Amy at Feminist Reprise has a really interesting post about shopping while fat when she was trying to buy cloths for an interview. Even with the help of readers she couldn't get anything suitable for less than $300:
Add to that the cost of my time (and Rebecca's, and Heidi's, and Pony's) to do all this research. That's for one outfit, for one interview. All of you who, if you had to, could trot down to Ross Dress for Less, TJ Maxx, Old Navy, The Gap, or best of all, a Goodwill in a ritzy neighborhood**, and find clothes in your size that would tell an employer that you're a responsible, socially acceptable, employable adult--how much do you think you'd spend on an interview outfit? Anything close to $300? No? That's thin privilege.
I think Amy has misnamed the problem. I've written in different ways why I find the term thin privilege problematic. But actually it's not the way Amy uses privilege I disagree with as much as the 'thin' part.
Being able to easily buy clothes (and even more so op-shops) is something that many people take for granted. I can wear clothes from enough mainstream stores to make shopping for clothes reasonably easy, but there are lots of places I know I shouldn't even bother looking in, and so I understand how much harder life would be if I was just a bit larger.
But my friend Betsy, she has real problems buying clothes. She's small, and her body is an unusual shape. When she had an office job finding appropriate clothes was an expensive nightmare. She couldn't buy a single pair of work quality trousers, she had to get them made up (luckily WINZ paid). She never found a suitable pair of formal work shoes - they probably don't exist, and couldn't be made. Despite this, despite the effort and expense, her manager told her several times that she needed a more professional image. Presumably it never occurred to the manager that this actually involved more than popping down to a ridiculously expensive store and buying more clothes. It never occurred to this manager that the standards she preached wouldn't be available.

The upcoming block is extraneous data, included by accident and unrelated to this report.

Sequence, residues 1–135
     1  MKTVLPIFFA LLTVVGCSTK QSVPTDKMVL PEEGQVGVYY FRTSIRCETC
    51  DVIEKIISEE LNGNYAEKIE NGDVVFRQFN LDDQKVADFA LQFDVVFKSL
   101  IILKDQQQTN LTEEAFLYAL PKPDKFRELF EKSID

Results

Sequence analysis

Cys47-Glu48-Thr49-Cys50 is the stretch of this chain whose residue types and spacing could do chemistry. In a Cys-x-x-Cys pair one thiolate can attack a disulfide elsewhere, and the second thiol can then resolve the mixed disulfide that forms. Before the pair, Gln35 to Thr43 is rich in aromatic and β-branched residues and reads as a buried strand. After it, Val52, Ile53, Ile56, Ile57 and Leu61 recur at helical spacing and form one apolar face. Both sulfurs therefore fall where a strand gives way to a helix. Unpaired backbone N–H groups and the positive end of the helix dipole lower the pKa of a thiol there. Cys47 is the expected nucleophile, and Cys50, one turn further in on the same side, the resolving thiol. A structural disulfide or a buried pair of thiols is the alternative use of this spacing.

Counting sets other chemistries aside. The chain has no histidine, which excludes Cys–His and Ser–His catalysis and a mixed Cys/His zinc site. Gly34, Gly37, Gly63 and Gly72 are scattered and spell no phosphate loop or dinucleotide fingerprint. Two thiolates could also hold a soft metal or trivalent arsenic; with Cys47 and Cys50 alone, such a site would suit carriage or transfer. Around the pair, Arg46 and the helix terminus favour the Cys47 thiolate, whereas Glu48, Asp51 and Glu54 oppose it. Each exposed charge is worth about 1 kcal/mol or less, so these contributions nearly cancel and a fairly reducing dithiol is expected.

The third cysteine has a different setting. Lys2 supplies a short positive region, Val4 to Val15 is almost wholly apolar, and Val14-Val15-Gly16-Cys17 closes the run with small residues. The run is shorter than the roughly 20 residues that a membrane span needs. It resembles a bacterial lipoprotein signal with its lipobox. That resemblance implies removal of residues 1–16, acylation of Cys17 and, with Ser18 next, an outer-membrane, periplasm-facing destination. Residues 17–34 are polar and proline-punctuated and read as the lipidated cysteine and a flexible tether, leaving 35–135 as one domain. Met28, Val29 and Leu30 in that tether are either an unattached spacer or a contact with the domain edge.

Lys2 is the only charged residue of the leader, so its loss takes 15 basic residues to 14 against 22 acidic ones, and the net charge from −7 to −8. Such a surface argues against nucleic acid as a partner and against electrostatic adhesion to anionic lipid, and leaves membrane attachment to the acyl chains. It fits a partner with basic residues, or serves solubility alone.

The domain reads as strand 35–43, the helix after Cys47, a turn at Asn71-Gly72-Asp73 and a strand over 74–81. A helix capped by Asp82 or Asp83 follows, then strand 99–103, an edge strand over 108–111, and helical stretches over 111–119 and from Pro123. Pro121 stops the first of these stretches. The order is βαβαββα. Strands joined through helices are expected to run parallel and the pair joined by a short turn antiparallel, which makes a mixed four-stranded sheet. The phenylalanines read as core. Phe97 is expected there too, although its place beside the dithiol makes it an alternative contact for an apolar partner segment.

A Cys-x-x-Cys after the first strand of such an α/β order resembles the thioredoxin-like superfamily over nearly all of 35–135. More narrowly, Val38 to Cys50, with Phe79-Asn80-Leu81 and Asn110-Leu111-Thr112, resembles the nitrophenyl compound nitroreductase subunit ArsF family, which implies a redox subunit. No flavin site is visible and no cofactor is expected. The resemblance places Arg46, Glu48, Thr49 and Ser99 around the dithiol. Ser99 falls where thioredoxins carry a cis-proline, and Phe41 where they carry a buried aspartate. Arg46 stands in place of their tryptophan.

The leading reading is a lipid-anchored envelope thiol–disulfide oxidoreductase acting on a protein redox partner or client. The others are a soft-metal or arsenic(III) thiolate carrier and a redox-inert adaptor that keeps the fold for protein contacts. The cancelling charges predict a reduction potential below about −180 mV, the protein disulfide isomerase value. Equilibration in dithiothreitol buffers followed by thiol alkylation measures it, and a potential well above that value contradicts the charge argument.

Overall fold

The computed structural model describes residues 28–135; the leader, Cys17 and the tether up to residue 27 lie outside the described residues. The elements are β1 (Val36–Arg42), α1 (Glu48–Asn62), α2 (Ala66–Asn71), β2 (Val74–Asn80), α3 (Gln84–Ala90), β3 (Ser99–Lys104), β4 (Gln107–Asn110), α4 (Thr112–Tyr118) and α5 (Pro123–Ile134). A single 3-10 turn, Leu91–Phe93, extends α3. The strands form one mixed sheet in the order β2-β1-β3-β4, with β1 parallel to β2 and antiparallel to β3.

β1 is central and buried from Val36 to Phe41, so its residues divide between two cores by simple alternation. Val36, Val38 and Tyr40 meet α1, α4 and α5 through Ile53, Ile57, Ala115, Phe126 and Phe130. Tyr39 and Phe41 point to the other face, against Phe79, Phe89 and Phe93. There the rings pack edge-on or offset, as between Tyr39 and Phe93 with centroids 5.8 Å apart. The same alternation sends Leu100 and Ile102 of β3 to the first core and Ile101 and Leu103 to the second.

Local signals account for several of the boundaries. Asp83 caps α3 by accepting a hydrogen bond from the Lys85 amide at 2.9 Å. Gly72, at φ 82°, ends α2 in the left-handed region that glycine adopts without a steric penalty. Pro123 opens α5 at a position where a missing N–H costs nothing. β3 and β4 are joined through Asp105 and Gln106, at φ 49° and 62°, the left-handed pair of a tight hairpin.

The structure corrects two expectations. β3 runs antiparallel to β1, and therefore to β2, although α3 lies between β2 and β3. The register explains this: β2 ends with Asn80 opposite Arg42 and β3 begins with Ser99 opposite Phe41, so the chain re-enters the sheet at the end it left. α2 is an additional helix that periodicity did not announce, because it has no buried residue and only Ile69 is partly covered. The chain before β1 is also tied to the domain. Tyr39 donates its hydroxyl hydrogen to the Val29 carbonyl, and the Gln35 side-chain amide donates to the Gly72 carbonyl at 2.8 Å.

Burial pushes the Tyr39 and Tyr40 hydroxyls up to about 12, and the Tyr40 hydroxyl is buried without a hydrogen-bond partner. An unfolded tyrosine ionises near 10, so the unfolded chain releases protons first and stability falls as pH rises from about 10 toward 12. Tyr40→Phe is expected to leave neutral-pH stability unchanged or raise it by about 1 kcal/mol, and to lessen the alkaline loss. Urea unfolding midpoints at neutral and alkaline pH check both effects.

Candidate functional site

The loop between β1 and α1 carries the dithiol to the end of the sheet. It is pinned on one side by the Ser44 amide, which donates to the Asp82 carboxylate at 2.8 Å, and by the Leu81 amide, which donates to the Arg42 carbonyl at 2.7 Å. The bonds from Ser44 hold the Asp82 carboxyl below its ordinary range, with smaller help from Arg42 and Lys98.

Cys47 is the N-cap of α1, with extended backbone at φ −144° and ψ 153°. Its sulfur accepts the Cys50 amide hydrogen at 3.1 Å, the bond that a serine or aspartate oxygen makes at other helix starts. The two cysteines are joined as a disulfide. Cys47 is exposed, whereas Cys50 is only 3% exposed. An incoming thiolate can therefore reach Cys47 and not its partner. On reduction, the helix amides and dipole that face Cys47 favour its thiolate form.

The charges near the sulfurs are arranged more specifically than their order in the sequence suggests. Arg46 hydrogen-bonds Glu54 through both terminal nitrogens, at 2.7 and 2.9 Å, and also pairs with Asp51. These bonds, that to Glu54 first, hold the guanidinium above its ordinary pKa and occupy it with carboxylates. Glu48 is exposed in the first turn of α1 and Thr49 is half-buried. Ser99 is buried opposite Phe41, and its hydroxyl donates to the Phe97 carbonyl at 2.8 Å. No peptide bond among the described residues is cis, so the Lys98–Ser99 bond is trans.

The experience of being able to find clothes that fit reasonably easily and affordably is something that many people take for granted.* To call this ability 'thin privilege' ignores the other reasons clothes don't fit people's bodies. I think it is really unproductive to divide these experiences - so if Amy is writing the story the reader can buy clothes because of thin privilege, whereas if Betsy was writing the clothes the reader can buy clothes becaue of able-bodied privilege.
I think it's really important to name our problems right - and there are plenty of thin people who can't find clothes that fit them. Those people (and their supporters) should demand that clothes are made for the people who wear them, rather than for profit,** and we can all demand that our ability to do work is not judged by our an appearance standard that some people will never be able to meet
*Of course there are other people who could theoretically buy clothes at mainstream stores or op-shops but can't afford to buy clothes at all.
** My banner at that protest would all be about cup-sized shirts and togs.